Nov. 18 2009 12:00 AM

Holiday season invades with Silver Bells’ light parade

While wearing sunglasses at night may seem pretentious, in addition to counterintuitive and slightly dangerous, it may be a necessity at Lansing’s 25th Annual Silver Bells in the City celebration, with more than 60 luminescent entrants set to take the streets in the 13th Annual Electric Light Parade.

A flagship feature of the city’s holiday celebration, the Electric Light Parade is certain to get people to see the light, with official parade rules stating “a minimum of 5,000 lights is required for a visible and well-lighted entry,” although Kate Katje, the parade’s coordinator, said most entrants sport a closer to 10,000 bulbs.

Unique to this year’s parade is a special group leading the procession in honor of Silver Bells’ 25th and Lansing’s 150th anniversaries that both Katje and Silver Bells coordinator Leslie Donaldson are mum on.

“It’s supposed to be a fun surprise for the community,” Donaldson deferred.

Katje went a step further. “It’s going to be the big ‘ta-da’ that nobody has ever seen before,” she said. Katje added with a laugh that, while it has the fire marshal “kind of nervous,” everything has been worked out.

In addition to the big surprise, the parade will feature seven high school marching bands and four horse units. The rest of the parade is made of classic float and vehicle parade entrants, all of which must follow strict guidelines through the application process. “We have a parade committee to make sure it falls within the theme of the holidays and has 5,000 lights and is something that will entertain the crowd,” Donaldson said.

Spectators at this year’s parade can expect to see gargantuan objects, like towers and trains, in miniature, as well as some smaller things on a larger than life scale, like a colossal cow and a fullfigured fish.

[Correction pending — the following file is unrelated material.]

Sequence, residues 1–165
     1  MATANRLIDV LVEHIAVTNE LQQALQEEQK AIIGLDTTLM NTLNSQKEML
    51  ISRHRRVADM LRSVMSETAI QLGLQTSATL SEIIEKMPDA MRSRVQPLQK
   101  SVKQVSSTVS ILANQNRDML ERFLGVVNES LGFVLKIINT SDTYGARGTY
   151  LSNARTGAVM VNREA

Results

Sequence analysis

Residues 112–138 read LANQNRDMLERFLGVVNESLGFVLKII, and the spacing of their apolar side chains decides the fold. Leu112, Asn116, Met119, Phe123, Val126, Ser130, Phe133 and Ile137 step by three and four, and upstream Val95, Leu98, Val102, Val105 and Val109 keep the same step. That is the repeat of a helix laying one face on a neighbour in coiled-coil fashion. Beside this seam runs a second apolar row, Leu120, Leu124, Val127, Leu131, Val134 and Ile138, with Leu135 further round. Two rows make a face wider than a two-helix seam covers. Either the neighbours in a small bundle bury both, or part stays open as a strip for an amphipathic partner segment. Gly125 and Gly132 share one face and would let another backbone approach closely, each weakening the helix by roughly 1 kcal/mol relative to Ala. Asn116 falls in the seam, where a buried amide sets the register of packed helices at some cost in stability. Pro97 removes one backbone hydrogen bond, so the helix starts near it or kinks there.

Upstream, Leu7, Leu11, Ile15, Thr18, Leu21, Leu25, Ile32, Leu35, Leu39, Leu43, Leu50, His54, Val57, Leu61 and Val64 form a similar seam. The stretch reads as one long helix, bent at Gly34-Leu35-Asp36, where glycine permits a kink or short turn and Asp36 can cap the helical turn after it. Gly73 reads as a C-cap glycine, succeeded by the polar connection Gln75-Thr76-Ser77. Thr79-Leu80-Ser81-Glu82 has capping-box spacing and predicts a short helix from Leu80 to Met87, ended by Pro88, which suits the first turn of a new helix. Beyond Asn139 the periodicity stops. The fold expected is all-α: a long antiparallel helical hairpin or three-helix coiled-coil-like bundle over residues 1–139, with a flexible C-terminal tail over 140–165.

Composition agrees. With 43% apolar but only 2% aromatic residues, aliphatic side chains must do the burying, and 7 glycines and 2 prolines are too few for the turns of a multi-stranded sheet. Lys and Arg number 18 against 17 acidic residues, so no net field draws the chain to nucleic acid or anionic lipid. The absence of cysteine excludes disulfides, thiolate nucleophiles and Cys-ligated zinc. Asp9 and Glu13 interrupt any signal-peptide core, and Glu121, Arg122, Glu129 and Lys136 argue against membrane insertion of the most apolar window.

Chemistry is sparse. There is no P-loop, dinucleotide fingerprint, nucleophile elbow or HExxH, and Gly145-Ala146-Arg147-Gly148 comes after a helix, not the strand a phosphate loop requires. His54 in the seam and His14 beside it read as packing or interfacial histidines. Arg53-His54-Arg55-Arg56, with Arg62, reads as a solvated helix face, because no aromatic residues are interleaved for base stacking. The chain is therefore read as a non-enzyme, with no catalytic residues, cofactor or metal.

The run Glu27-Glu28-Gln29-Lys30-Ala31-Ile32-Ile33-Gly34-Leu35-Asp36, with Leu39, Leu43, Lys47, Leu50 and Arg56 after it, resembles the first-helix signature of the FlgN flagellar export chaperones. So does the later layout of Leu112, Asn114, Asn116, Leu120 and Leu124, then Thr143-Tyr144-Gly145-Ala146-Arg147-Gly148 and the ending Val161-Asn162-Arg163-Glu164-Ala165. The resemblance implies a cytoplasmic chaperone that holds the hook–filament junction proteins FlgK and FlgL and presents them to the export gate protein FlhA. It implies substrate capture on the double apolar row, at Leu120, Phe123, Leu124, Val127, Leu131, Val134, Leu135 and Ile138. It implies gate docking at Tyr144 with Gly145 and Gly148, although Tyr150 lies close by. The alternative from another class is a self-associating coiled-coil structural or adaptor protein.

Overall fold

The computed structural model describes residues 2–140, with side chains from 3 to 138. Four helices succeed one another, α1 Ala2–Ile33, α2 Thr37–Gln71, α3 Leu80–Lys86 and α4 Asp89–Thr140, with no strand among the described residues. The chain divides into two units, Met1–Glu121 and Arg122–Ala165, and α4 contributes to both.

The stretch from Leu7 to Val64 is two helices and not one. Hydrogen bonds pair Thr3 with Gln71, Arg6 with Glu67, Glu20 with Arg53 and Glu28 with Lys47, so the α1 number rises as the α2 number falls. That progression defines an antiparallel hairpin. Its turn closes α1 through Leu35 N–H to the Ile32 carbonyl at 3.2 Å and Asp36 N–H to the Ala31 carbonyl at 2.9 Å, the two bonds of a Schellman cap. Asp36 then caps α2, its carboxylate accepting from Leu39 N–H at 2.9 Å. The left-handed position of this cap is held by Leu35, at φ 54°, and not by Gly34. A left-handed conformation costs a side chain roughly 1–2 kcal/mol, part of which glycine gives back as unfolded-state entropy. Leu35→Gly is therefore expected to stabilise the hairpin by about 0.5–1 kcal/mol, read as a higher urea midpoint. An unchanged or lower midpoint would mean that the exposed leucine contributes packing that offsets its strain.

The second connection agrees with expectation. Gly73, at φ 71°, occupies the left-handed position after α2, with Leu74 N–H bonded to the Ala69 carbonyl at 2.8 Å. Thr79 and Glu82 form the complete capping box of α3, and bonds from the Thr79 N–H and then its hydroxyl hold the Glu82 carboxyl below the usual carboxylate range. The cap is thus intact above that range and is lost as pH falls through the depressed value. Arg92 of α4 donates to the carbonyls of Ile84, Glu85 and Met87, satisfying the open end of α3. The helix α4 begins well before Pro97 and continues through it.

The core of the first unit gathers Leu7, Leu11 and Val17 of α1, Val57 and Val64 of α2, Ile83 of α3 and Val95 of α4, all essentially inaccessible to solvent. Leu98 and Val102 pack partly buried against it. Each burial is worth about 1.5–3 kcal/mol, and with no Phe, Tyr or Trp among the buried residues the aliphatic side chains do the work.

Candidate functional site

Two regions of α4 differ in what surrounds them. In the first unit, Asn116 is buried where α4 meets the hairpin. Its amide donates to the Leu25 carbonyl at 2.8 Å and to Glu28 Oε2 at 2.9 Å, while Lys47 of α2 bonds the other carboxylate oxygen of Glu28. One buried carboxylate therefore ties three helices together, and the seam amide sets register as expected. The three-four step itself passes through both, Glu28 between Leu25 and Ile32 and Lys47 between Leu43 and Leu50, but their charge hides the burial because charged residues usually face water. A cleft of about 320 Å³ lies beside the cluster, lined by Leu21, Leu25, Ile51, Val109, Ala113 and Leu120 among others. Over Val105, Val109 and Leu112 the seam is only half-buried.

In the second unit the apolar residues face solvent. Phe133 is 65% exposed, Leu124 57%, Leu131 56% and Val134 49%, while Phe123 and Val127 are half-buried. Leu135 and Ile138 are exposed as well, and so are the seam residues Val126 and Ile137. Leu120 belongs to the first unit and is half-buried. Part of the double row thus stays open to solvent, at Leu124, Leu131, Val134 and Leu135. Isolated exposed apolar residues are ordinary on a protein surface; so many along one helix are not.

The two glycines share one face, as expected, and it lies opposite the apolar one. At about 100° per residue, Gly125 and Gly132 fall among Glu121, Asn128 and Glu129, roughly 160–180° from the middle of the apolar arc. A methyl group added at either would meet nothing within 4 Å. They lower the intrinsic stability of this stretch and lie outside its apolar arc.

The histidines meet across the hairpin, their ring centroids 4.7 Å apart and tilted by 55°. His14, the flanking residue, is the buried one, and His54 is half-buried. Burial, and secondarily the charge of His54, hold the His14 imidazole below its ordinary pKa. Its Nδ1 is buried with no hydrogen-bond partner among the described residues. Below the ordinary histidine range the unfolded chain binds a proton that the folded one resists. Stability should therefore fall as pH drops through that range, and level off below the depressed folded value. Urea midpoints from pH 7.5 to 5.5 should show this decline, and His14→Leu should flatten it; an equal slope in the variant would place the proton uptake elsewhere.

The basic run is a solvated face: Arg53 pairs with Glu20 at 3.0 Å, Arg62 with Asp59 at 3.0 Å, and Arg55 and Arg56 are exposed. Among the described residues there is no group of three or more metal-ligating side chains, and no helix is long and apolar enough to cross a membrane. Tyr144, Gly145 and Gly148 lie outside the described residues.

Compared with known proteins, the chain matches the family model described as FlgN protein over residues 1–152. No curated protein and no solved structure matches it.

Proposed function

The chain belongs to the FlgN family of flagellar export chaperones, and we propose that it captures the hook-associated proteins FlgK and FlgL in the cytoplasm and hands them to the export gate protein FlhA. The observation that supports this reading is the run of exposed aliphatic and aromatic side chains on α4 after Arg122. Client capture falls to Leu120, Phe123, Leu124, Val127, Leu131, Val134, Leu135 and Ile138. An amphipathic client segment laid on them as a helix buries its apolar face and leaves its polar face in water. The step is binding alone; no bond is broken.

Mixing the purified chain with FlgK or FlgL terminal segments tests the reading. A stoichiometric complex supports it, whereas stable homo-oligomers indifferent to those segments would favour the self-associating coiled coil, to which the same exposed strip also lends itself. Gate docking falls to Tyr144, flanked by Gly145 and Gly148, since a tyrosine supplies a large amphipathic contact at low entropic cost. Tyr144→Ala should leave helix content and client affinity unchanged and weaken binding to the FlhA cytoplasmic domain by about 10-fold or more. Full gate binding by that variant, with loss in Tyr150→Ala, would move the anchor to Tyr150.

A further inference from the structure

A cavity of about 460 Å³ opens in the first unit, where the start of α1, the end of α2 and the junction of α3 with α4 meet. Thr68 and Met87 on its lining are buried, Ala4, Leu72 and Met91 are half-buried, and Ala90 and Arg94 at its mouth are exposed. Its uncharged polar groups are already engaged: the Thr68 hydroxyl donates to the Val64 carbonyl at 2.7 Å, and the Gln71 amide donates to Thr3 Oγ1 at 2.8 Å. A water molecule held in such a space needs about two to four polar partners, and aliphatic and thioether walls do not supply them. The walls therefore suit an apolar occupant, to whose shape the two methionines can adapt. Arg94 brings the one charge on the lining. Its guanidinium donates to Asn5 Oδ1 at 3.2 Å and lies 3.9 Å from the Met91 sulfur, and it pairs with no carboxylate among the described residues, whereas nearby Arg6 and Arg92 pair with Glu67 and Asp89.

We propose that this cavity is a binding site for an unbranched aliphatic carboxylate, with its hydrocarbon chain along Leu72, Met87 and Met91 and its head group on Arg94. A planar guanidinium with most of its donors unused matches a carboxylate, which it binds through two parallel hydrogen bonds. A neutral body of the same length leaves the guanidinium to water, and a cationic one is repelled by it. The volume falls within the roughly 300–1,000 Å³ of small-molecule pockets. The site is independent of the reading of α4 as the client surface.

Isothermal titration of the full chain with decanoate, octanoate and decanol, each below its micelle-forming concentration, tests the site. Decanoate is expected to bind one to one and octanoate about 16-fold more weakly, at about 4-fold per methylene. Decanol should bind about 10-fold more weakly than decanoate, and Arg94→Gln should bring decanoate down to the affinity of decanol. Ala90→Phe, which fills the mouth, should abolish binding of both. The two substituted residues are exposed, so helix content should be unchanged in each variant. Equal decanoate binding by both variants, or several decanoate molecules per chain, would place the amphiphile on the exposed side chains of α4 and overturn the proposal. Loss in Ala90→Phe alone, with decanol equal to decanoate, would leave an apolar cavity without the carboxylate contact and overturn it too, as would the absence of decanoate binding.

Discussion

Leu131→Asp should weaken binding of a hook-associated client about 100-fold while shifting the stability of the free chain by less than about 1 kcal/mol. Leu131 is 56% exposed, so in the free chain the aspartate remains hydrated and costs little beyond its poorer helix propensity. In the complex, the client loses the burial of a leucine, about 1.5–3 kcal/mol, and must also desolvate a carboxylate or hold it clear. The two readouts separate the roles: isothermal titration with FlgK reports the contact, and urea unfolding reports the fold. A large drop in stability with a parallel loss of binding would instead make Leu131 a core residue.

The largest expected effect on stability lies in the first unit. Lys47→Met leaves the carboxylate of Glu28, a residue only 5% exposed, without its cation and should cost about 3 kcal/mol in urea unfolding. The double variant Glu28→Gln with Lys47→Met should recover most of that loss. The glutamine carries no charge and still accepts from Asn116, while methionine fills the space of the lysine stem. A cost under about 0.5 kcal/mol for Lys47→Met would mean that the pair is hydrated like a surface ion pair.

Donaldson said while many entrants return year after year, the parade features 11 new entrants for 2009.

Dr. Holly Scott-Hetchler entered her dental office, Holly Scott-Hetchler, DDS, PC, for the first time in 2008 and is returning to the parade this year. “It’s just a fun thing the staff can work on together,” she said. “Helping to promote dental health in the community is a positive thing, and we try to come up with creative ways to promote it.”

Scott-Hetchler said while the lighting requirement for the parade is a bit of a challenge, it just makes her team get more creative. “It’s great team building; everybody works together and comes up with ideas and then we go crazy,” she said.

By re-using many elements from last year’s float, Scott-Hetchler said construction took only 10 to 15 hours compared to the almost 30 invested last year.

For those unable to view the parade in person, a live telecast will be shown in the Lansing Center.

As always, following the parade will be the lighting of Michigan’s official Christmas tree and a fireworks performance (weather permitting) over the Capitol. Even Santa will be in attendance, riding the Peacock Express Train in the parade.

Silver Bells will also feature horse-drawn wagon rides on Washington Square, self-guided Capitol tours and 50 entertainers across more than 20 sites in the festival area, ranging from Irish step dancing, to choral music, to the Lansing Symphony Quartet to soul music from Bettye LaVette.

The parade will begin at 6:10 p.m. at the corner of Lenawee Street and South Washington Square. The route will be north on Washington, west on Ottawa Street, south on Capitol Avenue and back to the staging area.

Silver Bells in the City

– 9 p.m. Friday, Nov. 20 Downtown Lansing Electric light parade begins
at 6:10 p.m., followed by lighting of the State Christmas Tree,
fireworks and other festivities FREE (517) 372-4636